Imperial College London


Faculty of Natural SciencesDepartment of Life Sciences (Silwood Park)

Imperial College Research Fellow



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2.7MunroSilwood Park






BibTex format

author = {Brockmeier, EK and Hodges, G and Hutchinson, TH and Butler, E and Hecker, M and Tollefsen, KE and Garcia-Reyero, N and Kille, P and Becker, D and Chipman, K and Colbourne, J and Collette, TW and Cossins, A and Cronin, M and Graystock, P and Gutsell, S and Knapen, D and Katsiadaki, I and Lange, A and Marshall, S and Owen, SF and Perkins, EJ and Plaistow, S and Schroeder, A and Taylor, D and Viant, M and Ankley, G and Falciani, F},
doi = {toxsci/kfx097},
journal = {Toxicological Sciences},
pages = {252--262},
title = {The role of omics in the application of adverse outcome pathways for chemical risk assessment},
url = {},
volume = {158},
year = {2017}

RIS format (EndNote, RefMan)

AB - In conjunction with the second International Environmental Omics Symposium (iEOS) conference, held at the University of Liverpool (United Kingdom) in September 2014, a workshop was held to bring together experts in toxicology and regulatory science from academia, government and industry. The purpose of the workshop was to review the specific roles that high-content omics datasets (eg, transcriptomics, metabolomics, lipidomics, and proteomics) can hold within the adverse outcome pathway (AOP) framework for supporting ecological and human health risk assessments. In light of the growing number of examples of the application of omics data in the context of ecological risk assessment, we considered how omics datasets might continue to support the AOP framework. In particular, the role of omics in identifying potential AOP molecular initiating events and providing supportive evidence of key events at different levels of biological organization and across taxonomic groups was discussed. Areas with potential for short and medium-term breakthroughs were also discussed, such as providing mechanistic evidence to support chemical read-across, providing weight of evidence information for mode of action assignment, understanding biological networks, and developing robust extrapolations of species-sensitivity. Key challenges that need to be addressed were considered, including the need for a cohesive approach towards experimental design, the lack of a mutually agreed framework to quantitatively link genes and pathways to key events, and the need for better interpretation of chemically induced changes at the molecular level. This article was developed to provide an overview of ecological risk assessment process and a perspective on how high content molecular-level datasets can support the future of assessment procedures through the AOP framework.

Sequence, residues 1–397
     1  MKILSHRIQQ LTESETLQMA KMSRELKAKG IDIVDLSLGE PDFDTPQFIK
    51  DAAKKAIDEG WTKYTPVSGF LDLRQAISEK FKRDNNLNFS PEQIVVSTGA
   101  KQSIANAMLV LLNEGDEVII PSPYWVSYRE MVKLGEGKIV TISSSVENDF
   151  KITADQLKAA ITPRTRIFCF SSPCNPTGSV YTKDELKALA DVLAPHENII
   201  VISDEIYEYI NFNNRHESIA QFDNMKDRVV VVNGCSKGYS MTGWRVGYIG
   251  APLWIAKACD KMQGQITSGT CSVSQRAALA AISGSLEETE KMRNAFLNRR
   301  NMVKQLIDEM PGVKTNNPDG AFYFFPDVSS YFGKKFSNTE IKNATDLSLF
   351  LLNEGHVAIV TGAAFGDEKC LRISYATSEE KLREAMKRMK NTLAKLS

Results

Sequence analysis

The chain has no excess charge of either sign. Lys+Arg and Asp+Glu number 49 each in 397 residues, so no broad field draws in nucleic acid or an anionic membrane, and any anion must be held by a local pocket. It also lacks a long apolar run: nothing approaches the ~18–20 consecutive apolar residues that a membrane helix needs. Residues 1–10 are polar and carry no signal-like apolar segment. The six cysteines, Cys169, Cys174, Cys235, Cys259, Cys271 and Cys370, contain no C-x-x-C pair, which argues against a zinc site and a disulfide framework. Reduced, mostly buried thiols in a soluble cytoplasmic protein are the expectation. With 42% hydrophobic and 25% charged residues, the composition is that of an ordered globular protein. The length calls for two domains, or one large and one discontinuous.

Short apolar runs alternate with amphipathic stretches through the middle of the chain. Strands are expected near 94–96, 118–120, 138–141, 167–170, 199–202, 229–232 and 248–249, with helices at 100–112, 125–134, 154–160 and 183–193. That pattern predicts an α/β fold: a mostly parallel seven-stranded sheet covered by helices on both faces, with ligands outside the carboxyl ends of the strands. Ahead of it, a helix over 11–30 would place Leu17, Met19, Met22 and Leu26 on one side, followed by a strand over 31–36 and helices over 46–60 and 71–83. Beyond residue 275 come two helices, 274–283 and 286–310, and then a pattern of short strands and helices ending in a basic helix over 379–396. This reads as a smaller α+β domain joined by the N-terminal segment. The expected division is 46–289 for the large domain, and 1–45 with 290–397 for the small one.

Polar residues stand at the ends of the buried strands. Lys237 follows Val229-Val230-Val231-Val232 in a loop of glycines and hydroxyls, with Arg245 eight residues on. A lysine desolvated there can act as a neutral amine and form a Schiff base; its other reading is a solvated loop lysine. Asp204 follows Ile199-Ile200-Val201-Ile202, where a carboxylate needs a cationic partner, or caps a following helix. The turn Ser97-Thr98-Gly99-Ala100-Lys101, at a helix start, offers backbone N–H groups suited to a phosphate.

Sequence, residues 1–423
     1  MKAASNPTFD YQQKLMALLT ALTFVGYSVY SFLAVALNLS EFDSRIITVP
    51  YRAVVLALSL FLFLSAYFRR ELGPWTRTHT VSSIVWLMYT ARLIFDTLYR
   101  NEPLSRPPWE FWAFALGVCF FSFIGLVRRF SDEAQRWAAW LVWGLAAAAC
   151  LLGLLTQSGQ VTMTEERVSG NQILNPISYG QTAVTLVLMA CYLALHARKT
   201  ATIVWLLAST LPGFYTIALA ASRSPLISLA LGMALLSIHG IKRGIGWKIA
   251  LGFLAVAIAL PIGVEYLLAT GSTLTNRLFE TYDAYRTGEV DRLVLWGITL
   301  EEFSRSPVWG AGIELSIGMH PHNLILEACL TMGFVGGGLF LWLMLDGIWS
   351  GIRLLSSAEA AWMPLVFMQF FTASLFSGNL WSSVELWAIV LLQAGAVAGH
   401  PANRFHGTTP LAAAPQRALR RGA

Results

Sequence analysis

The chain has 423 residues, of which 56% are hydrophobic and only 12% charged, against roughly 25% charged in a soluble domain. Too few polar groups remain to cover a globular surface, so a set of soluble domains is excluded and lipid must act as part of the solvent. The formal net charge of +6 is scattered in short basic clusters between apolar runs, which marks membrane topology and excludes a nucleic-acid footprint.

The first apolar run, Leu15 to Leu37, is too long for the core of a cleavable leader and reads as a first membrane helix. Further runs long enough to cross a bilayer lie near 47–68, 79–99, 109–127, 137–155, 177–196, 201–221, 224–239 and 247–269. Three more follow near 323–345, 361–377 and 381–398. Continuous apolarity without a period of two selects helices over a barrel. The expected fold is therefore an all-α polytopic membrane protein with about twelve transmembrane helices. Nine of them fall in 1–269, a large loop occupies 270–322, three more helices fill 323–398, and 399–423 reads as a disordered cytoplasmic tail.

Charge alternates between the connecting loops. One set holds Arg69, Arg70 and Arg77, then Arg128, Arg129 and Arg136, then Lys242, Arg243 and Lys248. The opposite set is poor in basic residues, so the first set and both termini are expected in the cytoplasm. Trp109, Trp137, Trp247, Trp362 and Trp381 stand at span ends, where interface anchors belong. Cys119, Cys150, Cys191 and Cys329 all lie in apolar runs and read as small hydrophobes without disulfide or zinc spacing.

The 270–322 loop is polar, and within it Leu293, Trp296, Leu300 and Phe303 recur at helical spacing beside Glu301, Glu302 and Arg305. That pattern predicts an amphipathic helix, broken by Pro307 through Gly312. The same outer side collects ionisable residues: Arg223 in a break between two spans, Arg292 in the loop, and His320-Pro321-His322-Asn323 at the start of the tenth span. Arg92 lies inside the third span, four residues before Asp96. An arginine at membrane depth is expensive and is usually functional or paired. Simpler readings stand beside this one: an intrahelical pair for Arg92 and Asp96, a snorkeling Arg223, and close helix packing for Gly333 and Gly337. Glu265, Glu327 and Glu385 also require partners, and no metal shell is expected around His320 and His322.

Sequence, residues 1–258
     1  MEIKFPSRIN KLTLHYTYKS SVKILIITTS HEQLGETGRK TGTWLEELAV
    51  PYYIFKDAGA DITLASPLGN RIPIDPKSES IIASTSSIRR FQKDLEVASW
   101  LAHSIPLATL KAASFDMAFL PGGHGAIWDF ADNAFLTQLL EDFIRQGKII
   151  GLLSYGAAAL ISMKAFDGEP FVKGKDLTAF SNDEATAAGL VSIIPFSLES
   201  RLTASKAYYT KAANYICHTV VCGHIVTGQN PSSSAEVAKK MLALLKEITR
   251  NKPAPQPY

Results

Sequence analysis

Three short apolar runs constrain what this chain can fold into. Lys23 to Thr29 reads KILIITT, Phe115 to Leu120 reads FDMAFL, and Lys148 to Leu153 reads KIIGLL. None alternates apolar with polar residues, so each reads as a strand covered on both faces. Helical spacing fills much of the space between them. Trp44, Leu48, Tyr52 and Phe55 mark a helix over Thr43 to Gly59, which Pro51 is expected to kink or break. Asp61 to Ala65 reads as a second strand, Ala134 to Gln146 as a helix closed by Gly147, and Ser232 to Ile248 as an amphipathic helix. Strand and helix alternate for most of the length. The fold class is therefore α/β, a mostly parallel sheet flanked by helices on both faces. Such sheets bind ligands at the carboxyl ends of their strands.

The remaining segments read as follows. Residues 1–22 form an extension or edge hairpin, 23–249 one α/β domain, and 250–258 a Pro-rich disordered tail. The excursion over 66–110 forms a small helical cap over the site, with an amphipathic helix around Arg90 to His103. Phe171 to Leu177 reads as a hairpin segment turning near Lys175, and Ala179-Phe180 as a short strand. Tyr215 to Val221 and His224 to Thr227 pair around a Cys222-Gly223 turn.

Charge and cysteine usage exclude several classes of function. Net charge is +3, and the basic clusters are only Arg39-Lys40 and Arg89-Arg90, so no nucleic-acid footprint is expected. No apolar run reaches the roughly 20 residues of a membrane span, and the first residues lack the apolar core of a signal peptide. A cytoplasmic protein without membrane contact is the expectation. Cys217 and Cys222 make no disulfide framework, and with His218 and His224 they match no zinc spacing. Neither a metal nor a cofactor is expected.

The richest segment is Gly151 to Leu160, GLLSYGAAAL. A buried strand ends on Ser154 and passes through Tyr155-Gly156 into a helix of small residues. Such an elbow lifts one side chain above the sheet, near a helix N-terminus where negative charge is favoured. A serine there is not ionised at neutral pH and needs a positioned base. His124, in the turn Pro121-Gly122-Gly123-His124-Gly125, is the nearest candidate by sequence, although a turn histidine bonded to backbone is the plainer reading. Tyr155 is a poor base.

AU - Brockmeier,EK
AU - Hodges,G
AU - Hutchinson,TH
AU - Butler,E
AU - Hecker,M
AU - Tollefsen,KE
AU - Garcia-Reyero,N
AU - Kille,P
AU - Becker,D
AU - Chipman,K
AU - Colbourne,J
AU - Collette,TW
AU - Cossins,A
AU - Cronin,M
AU - Graystock,P
AU - Gutsell,S
AU - Knapen,D
AU - Katsiadaki,I
AU - Lange,A
AU - Marshall,S
AU - Owen,SF
AU - Perkins,EJ
AU - Plaistow,S
AU - Schroeder,A
AU - Taylor,D
AU - Viant,M
AU - Ankley,G
AU - Falciani,F
DO - toxsci/kfx097
EP - 262
PY - 2017///
SN - 1096-0929
SP - 252
TI - The role of omics in the application of adverse outcome pathways for chemical risk assessment
T2 - Toxicological Sciences
UR -
UR -
UR -
VL - 158
ER -